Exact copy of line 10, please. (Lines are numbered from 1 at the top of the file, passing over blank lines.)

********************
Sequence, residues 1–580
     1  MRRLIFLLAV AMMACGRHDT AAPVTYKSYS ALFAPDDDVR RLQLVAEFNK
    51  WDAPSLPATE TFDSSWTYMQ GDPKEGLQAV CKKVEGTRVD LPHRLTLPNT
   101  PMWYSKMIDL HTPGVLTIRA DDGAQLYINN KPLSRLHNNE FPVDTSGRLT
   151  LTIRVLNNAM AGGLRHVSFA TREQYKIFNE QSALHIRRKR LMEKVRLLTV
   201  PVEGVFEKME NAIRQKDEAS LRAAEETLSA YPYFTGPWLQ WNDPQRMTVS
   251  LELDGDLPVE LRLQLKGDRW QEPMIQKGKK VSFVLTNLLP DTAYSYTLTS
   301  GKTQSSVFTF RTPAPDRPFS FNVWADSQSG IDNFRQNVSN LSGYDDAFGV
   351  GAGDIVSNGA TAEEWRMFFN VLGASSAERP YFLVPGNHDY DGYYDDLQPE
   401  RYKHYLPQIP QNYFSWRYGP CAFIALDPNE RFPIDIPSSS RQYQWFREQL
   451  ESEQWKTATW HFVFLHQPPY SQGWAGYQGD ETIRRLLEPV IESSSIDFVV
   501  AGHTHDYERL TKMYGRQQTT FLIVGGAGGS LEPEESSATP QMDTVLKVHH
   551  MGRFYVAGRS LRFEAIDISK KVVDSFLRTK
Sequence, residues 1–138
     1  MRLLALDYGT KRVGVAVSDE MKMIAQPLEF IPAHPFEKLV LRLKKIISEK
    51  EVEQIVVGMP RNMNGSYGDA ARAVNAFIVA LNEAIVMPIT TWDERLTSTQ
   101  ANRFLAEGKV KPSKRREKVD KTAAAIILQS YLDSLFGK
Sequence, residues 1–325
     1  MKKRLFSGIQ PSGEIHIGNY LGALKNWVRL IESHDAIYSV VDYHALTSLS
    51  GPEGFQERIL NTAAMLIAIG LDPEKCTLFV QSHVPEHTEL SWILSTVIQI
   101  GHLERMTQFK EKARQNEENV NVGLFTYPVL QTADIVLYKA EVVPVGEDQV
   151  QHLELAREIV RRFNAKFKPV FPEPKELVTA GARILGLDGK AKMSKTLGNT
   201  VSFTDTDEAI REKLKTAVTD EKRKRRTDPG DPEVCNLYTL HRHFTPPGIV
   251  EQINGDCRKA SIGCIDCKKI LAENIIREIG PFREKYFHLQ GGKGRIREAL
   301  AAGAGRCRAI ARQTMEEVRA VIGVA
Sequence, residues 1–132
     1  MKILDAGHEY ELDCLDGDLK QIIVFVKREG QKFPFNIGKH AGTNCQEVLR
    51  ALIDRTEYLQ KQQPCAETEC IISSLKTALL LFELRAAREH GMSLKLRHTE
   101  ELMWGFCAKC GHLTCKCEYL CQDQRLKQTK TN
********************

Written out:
   401  RYKHYLPQIP QNYFSWRYGP CAFIALDPNE RFPIDIPSSS RQYQWFREQL